Quilt Block Collections - 2
|QBC-1: Book One | QBC-2: Book Two | QBC-3: Book Three | QBC-4: Other Collections
| QBC-1: Book One
Two Quilters Havin' Lotsa Fun Collections
Elspeth's Journeys Book Two
Elspeth's later life
Being stories (outlined) about her life in Alaska
Quilt 2. Life in Fairbanks & gold mining in the Creeks
Quilt blocks featuring: Paddlewheel boats lined up on the Chena, gold trains, early mail planes, dog mushing, 5th Avenue, gold camps, mammoth tusks, stump farming, wooden sidewalks, log cabin gardens, steam points, gold dredges, little Alaskan babies log cabin life
While in Fairbanks, William worked in the creeks during the winter suing steam points to thaw the much.
Quilt 3. Gold mining on the Goodpasture
Quilt blocks featuring: Gold mining hand tools, mine scene, sourdough, canoe, Icelandic miners, Alaska babies, really grungy log cabin, hunting moose & caribou, trapping, pack mule& horse string, Atlas paddleboat, Rika's roadhouse
Eventually, among other adventures, Elspeth and William spent some time up on the west fork of the Goodpasture.
See Elspeth's letter below, written in February 1928 from their cliam on the Goodpasture.
Idea: Elspeth and William's travels up the Tanana from Fairbanks on the paddlewheel steamer Atlas to Big Delta
Where they met with Milo's brother John Hajdukovich. Then going upriver on his flat-bottomed boat the Healy Lake, Dot Lake and ultimately to Mansfield where John and Milo had established a trading post.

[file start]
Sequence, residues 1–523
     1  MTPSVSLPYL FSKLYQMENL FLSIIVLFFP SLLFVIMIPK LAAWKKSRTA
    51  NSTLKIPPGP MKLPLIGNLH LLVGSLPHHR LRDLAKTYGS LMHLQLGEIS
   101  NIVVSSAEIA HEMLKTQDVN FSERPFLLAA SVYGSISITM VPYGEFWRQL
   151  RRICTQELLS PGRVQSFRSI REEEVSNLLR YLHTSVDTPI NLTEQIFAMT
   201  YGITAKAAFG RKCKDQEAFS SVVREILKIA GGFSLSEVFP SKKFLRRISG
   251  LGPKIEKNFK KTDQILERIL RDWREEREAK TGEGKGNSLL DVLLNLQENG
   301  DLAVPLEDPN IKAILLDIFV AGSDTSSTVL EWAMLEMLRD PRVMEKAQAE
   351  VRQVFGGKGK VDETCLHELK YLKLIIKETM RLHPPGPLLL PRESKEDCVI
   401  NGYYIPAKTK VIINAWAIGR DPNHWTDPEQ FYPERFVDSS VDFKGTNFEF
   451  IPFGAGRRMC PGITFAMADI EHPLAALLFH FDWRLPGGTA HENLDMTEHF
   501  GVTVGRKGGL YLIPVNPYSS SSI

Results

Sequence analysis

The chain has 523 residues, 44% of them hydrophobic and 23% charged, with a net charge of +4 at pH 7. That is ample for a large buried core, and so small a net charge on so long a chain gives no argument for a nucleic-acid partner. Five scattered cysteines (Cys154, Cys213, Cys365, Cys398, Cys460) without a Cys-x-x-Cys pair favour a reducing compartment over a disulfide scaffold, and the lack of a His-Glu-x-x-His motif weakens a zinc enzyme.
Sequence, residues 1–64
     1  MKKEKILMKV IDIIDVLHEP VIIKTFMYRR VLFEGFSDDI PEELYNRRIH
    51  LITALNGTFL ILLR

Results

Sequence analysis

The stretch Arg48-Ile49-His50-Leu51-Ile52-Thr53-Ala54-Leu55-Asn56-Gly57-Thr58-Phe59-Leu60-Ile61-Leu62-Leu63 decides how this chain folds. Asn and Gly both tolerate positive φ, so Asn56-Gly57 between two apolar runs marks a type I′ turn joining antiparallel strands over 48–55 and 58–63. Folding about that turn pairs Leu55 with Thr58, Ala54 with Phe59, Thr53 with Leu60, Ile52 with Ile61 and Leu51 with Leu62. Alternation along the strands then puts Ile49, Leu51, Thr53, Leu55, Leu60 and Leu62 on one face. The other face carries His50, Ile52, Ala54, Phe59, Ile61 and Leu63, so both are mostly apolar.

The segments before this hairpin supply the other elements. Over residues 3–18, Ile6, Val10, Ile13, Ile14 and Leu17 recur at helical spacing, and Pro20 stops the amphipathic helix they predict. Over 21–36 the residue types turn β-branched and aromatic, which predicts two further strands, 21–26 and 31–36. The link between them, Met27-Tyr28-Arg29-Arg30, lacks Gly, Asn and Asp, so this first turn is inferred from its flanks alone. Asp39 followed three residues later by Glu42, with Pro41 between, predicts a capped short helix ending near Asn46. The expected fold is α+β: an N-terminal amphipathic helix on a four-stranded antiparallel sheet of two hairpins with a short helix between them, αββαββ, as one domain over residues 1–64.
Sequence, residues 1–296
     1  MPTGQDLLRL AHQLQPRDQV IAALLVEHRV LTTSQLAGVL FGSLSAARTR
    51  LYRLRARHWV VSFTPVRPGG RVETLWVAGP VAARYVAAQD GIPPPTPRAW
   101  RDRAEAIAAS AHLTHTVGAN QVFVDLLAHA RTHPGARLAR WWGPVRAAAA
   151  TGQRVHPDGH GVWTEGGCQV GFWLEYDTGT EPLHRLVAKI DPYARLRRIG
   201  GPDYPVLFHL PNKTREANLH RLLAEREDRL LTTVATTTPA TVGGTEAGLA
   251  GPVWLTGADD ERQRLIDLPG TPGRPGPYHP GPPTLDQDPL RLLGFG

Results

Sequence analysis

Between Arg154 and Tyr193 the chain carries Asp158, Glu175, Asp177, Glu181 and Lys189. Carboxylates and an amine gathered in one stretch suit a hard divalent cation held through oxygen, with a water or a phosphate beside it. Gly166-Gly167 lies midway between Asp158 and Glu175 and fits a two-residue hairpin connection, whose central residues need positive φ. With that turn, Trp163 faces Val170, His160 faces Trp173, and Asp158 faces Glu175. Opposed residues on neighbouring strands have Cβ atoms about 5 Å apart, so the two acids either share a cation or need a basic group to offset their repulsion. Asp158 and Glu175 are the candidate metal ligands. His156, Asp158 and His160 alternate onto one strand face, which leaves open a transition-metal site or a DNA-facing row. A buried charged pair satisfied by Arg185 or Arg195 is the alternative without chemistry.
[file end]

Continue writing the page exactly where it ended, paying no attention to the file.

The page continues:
Quilt 4. Icelandic Christmas in Alaska
Quilt blocks of these themes:
|Icelandic Jól — Christmas in Alaska (Working)|
For a time they worked with a set of three young men, tall, Scandinavian men, actually from Iceland. Brother, Ingie, and "Jake" Johannsson. They worked on number 2 below Discovery, while Elspeth and William worked number 4 below.
During the summer of '29, dear William was walking with a box of blasting caps and tripped and went to meet his maker. This devastated Elspeth and her young family.
But Dear Jake, was a great comfort in her trials. Of course, eventually Elspeth became Jake's new wife and they had another three children. Dear Jake died of influenza in the winter of '36.
NOTE: Elspeth's 1928 recipe is updated for modern cooks
2 large eggs, slightly beaten
1 1/3 c sugar
1/3 c canola oil
1 c fresh yams (sweet potatoes) cooked and mashed or 1 (15 oz.) can yams drained and mashed
1 tsp vanilla extract
1 1/2 c all-purpose flour
1 tsp ground cinnamon
1/4 tsp ground allspice
1 tsp baking soda
1 c chopped cranberries
2 tbsp packed brown sugar
1/4 tsp ground cinnamon
Heat oven to 350. Coat 9x5x3” loaf pan with nonstick cooking spray & dust with flour.
In large bowl, mix eggs, sugar, oil, yams & vanilla.
In separate bowl, mix flour, allspice, cinnamon & baking soda. Make a well in center. Pour yam mix in well. Mix till moist. Stir in cranberries.
In small bowl, mix brown sugar & cinnamon.
Spoon batter in loaf pan. Sprinkle topping mix over batter. Bake 1 hr or till a toothpick in center is clean.
Makes 16 slices.
Febry 1st 1928, – Alaska. Weather mild – cloudy, gentle fall of snow, beautiful winter morning. It has snowed more than 3 feet on the level since before Jany 20th.